Fans observing goals have been converted into criminals for a”storyline that soccer fans are scum,” thugs”, a fans’ group says.

The Football Supporters’ Federation is calling for a”real world reply” to fans going on to the pitch as opposed to”a moral panic”.

However, a stewards’ association spokesman said the deterrent of a legal complaint for going on to a pitch was needed.

Native men were arrested after fans hammered to the pitch following ’s late equaliser at Bournemouth on Saturday and also five men are charged.

Going on to the playing area at a football match is a arrestable offence under the Football (Offences) Act 1991.

Police said a female steward was injured during the encroachment, and also four of the men are under investigation for allegedly attacking her.

All five suspects are expected to appear until Poole magistrates on 2 April, charged with moving on to the playing area at a football match.

A 14-year-old boy by Bournemouth that was arrested was released under evaluation, while the 18-year-old Durham person was released free of a charge.

Jacks has talked to the mother of one of those arrested who says was”released at no cost because CCTV obviously showed a steward yanking him over a barrier and on to the pitch”.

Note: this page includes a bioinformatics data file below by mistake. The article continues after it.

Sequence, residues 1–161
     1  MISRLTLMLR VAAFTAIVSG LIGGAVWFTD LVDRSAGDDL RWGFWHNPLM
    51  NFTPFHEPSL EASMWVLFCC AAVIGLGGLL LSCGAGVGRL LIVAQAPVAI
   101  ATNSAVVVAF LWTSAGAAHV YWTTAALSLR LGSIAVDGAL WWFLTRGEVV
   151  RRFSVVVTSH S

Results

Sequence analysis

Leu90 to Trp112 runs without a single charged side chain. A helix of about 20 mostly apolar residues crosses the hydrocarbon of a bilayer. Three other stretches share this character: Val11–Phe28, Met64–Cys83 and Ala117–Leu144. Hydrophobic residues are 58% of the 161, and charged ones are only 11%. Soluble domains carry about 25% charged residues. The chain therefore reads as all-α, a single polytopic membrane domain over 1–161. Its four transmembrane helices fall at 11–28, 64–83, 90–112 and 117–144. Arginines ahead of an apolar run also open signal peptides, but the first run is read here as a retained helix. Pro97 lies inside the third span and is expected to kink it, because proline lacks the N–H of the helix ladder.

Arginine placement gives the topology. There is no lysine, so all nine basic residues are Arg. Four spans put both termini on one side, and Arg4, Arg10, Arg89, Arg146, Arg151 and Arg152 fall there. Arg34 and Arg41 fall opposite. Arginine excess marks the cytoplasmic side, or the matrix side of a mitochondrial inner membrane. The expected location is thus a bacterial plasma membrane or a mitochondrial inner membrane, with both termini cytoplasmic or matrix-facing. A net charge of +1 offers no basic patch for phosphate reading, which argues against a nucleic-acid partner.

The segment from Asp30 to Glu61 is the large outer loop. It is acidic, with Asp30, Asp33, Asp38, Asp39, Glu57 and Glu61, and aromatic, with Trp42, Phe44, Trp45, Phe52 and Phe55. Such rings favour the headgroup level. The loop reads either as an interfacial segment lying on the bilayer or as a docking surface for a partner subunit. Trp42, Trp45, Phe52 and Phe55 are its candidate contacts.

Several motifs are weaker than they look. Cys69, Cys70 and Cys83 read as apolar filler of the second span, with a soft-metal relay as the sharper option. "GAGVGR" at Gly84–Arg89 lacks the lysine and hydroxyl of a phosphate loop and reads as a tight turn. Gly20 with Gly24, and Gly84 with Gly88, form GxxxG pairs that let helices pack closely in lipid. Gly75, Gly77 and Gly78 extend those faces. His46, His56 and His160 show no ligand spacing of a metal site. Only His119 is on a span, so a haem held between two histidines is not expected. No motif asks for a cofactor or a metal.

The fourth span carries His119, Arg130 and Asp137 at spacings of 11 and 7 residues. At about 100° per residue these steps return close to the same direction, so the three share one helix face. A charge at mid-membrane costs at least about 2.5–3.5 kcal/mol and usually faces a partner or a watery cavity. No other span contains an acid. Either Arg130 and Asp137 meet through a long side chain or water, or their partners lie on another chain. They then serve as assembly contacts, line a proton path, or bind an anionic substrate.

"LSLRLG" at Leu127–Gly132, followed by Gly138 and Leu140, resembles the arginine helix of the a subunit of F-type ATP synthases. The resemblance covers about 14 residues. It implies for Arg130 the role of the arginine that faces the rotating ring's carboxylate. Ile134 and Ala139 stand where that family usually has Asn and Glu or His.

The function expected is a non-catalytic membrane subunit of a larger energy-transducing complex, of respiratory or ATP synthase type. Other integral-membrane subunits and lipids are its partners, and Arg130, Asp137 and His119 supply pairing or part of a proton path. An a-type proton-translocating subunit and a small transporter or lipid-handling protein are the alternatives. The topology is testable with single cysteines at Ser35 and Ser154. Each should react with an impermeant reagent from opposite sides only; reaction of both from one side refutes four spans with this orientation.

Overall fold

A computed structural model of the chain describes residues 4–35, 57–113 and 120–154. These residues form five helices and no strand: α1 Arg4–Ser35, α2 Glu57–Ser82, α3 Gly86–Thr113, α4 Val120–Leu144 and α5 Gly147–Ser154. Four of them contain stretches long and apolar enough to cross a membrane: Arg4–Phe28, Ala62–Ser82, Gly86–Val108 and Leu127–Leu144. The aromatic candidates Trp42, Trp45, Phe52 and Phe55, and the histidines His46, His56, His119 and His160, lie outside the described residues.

She added:”The son was held for approximately 20 hours”

Arrests for pitch incursions fell to 191 final season after having a last-minute increase, far below the 333 made in 2002-03.

Nevertheless, the events at Bournemouth and Swansea arrived a week after having a Birmingham City fan ran on to the pitch and also hit Aston Villa midfielder Jack Grealish.

“I’m categorically not condoning fans moving on the pitch or saying that they have to take action, rather looking at a real world answer to it as opposed to the usual moral fear,” said Jacks.

“The fans going on to the pitch was clearly very different to the Grealish incident.

“We’re seeing people criminalised for moving on the pitch, so observing for 30 seconds and all a sudden they’ve a criminal history that might be prejudicial for their futures.

“Is it in the public interest? Not only are you currently putting a fan in the pier and criminalising them to do some thing in a football context, there’s every chance you’re taking a police officer for day to sit down around a court room to give evidence.”

She added:”I believe that it is an issue for its safety police and perhaps not the justice procedure.

“It’s important that stewards understand football fans, fan behaviour and ence psychology.

“We view players run in the ence and the men and women who are in the yellow jackets run over and pull the players out and push back the fans.

“I watch and think’you don’t have any clue what you’re doing’. Why don’t you stand back and give it 30 minutes and the ence will form it self out?”

What’s the view of stewards?

John Newsham, a consultant leader executive officer at the FSOA, says stewards are”trained to use common sense”, however that there has to be described as a deterrent to avoid fans going into the area of play.

“It’s far too easy for the FSF and others to blame stewarding and police when things happen,” he said.

“There are signs saying it is a legal offence. It willn’t matter what time it is, it is a legal offence. Othere, where’s the deterrent?

In case they are able to observe the fans had to go on to the pitch for whatever reason they would handle it appropriately.”

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